This species was featured as News of the Week on 14 March 2022:

One of the silverlinings of the COVID-19 pandemic has been reduced human activities on the landscape (sometimes called the "anthropause"), notably a decrease in motor vehicle traffic during lockdown. This provided a unique opportunity while monitoring amphibians in northeastern United States. Using a community citizen science project, The Maine Big Night: Amphibian Migration Monitoring, Leclair et al. (2021) collected data on migrating amphibians crossing roads at sites throughout Maine during amphibian mating seasons, from March to May in 2018 through 2021. Almost 8,000 amphibians representing 16 species were recorded at 199 sites surveyed during these four years. They found a 50% decrease in frog mortality in 2020 compared to the other survey years, mainly due to decreased frog deaths in March and April. Wildlife collision data for other species in Maine (e.g., deer, turkeys, moose) were consistent with this trend of lower wildlife mortality in spring 2020. Thus, there was a significant reduction in frog deaths in Maine because of the traffic reductions during the COVID-19 lockdown. In the same time period, increasing precipitation correlated with increasing frog deaths, but not in salamanders, suggesting that environmental factors influence frog and salamander movements differently. Roads can be significant barriers to amphibian migrations; thus, even small changes can have large effects for these populations, especially for frogs. (Written by Carol Spencer)

This species was featured as News of the Week on 26 December 2022:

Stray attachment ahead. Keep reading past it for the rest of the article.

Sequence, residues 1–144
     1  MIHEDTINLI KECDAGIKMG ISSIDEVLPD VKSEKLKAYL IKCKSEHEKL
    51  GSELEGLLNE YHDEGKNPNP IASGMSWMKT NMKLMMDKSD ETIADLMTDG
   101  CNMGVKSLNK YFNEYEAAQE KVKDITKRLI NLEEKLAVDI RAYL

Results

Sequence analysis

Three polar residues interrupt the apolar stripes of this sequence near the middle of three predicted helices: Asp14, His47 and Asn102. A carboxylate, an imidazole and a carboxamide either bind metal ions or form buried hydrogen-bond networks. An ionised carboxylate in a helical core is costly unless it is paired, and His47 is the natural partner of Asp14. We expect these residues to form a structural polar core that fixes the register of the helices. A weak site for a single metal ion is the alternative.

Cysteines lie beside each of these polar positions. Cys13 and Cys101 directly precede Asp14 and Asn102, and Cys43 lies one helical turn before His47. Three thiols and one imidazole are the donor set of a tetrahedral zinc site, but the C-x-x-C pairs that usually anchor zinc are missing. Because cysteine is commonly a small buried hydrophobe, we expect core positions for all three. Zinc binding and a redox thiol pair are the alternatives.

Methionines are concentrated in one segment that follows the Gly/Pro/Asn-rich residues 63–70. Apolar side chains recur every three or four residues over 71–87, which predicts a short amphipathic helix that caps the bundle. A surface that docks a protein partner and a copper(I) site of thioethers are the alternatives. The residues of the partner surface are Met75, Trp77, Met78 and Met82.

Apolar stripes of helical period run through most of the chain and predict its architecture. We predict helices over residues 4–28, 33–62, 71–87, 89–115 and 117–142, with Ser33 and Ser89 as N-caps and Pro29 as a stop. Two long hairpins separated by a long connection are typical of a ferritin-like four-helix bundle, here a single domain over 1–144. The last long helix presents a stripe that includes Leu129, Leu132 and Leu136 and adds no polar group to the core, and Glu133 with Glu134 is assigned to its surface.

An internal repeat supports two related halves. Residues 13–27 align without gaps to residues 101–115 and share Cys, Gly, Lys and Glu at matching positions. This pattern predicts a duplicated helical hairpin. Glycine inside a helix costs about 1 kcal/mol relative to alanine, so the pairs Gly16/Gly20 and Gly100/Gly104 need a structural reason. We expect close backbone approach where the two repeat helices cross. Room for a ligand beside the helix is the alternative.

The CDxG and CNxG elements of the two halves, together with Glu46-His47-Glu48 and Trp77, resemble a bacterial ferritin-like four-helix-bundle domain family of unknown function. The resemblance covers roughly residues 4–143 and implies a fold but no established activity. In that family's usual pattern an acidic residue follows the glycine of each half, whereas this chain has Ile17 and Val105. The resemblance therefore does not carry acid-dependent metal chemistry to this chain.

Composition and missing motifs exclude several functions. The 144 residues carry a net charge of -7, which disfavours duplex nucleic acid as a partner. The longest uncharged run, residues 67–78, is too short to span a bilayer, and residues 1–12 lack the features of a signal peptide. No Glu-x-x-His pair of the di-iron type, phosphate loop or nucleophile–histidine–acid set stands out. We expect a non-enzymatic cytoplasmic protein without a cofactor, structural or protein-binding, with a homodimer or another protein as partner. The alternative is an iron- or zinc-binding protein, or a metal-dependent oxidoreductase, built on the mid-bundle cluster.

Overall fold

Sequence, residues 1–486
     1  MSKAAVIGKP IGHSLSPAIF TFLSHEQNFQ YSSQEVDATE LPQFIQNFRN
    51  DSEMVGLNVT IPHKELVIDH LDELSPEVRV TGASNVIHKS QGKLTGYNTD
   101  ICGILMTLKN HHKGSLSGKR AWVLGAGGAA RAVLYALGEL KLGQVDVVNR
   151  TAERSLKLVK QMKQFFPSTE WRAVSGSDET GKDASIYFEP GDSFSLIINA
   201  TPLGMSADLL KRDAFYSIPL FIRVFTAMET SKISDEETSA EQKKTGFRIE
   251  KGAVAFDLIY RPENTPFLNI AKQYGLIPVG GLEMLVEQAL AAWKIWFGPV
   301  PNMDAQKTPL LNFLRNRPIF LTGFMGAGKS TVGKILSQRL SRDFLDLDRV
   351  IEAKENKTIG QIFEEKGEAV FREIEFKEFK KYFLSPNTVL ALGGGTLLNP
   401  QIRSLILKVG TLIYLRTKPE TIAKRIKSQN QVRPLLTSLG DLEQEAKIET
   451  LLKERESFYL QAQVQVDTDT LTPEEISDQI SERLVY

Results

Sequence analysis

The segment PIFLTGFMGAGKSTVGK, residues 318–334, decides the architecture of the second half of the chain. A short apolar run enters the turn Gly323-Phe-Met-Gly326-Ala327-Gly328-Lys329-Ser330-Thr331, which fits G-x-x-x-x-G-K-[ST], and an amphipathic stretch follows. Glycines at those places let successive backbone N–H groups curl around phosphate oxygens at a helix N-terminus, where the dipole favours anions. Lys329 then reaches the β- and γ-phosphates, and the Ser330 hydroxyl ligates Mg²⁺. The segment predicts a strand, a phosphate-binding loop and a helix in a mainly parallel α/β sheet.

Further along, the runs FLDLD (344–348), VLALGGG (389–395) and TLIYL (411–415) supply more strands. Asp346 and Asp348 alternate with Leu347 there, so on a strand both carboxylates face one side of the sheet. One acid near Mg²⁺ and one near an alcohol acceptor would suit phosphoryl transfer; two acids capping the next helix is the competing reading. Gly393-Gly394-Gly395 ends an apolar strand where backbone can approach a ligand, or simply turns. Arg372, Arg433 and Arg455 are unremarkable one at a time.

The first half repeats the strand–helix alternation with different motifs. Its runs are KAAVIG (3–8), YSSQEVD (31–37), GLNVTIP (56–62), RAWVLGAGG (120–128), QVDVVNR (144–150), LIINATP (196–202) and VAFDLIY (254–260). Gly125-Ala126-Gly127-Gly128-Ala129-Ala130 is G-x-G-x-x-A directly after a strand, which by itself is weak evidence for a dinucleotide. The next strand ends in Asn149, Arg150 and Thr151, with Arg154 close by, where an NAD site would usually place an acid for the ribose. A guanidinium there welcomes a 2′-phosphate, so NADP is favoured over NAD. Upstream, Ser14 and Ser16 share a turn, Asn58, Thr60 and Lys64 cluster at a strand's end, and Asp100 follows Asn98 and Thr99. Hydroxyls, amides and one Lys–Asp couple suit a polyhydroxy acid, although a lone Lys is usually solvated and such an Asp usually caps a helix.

The evolution of chemical alarm cues has been puzzling to evolutionary biologists. At first glance, the cues appear to only help other individuals, not the preyed-upon individual that produced and released the cues (the 'sender'). However, according to theory, the evolution of communication systems requires benefits to senders. Releasing alarm cues can benefit the sender’s genes by warning their nearby kin, but prey often do not associate based on kinship. There is some evidence that alarm cues can protect against certain parasites and pathogens. However, an alternative hypothesis is that alarm cues attract additional predators to an attack, thereby interfering with it, and allows the prey to escape. This is known as the 'Predator Attraction Hypothesis'. Previous studies on fishes have provided support for this hypothesis, but amphibians had not been tested before. Crane et al. (2022) used Tiger salamander (Ambystoma mavortium) larvae (predators) and Wood Frog (Rana sylvatica) tadpoles (prey) to test this hypothesis and found the predators were attracted to alarm cues. This was even more apparent when the salamanders had prior experience with tadpole prey. When two salamanders were present, they rushed their attacks and were less accurate than when alone. This increased the chances of escape for tadpoles. We also found that the mere presence of visual and chemical cues from a second salamander caused enough of a distraction to increase tadpole survival. All together, their results support the Predator Attraction Hypothesis for the evolution of chemical alarm cues in tadpoles. (Written by Adam Crane)


Martof, B. S. (1963). ''Rana sylvatica (Le Conte). Wood Frog.'' Catalogue of American Amphibians and Reptiles. American Society of Ichthyologists and Herpetologists, 86.1-86.4.

Wiebler JM, Kohl KD, Lee Jr RE, Costanzo JP. (2018). ''Urea hydrolysis by gut bacteria in a hibernating frog: evidence for urea-nitrogen recycling in Amphibia.'' Proceedings of the Royal Society B, 285, 20180241.

Originally submitted by: Franziska Sandmeier (first posted 2001-02-21)
Edited by: Arie van der Meijden (2/28/2001), Michelle S. Koo (2023-01-01)

Species Account Citation: AmphibiaWeb 2023 Rana sylvatica: Wood Frog <> University of California, Berkeley, CA, USA. Accessed Jun 17, 2024.

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Citation: AmphibiaWeb. 2024. <> University of California, Berkeley, CA, USA. Accessed 17 Jun 2024.